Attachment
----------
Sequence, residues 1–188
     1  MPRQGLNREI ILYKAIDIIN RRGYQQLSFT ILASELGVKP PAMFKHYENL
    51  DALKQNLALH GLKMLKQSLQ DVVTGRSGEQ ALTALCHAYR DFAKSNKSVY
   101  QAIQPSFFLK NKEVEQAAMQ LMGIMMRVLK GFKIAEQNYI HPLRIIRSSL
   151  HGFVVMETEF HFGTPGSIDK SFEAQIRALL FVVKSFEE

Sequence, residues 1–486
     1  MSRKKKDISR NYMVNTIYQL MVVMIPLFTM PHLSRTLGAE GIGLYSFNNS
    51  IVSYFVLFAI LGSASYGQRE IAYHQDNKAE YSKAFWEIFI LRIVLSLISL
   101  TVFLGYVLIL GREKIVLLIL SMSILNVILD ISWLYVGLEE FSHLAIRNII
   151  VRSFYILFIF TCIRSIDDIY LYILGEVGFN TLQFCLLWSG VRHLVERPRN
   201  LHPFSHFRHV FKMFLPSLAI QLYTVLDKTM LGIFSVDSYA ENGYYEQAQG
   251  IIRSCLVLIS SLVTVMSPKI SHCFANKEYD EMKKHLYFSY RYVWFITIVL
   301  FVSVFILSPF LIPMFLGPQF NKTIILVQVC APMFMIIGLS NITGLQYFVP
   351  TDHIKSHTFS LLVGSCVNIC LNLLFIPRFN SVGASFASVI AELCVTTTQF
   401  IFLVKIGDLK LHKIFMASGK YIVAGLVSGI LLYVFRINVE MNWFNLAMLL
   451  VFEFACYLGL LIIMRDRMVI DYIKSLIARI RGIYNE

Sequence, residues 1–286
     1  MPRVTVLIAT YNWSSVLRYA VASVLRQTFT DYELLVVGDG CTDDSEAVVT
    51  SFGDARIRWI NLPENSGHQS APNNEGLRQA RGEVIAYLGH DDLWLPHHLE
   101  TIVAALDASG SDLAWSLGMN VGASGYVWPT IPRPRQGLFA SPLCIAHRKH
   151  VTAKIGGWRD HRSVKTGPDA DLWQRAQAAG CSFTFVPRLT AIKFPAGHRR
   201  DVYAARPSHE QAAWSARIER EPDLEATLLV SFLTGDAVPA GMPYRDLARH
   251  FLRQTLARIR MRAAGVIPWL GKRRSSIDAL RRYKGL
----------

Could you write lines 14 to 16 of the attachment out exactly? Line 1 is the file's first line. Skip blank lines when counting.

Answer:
   351  TDHIKSHTFS LLVGSCVNIC LNLLFIPRFN SVGASFASVI AELCVTTTQF
   401  IFLVKIGDLK LHKIFMASGK YIVAGLVSGI LLYVFRINVE MNWFNLAMLL
   451  VFEFACYLGL LIIMRDRMVI DYIKSLIARI RGIYNE